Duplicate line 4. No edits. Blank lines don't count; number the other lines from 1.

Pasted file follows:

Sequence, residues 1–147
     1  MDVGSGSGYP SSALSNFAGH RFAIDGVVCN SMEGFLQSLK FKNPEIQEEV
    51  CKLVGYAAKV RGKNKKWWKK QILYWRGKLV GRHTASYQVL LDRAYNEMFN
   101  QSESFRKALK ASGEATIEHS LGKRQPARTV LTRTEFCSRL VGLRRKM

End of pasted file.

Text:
   101  QSESFRKALK ASGEATIEHS LGKRQPARTV LTRTEFCSRL VGLRRKM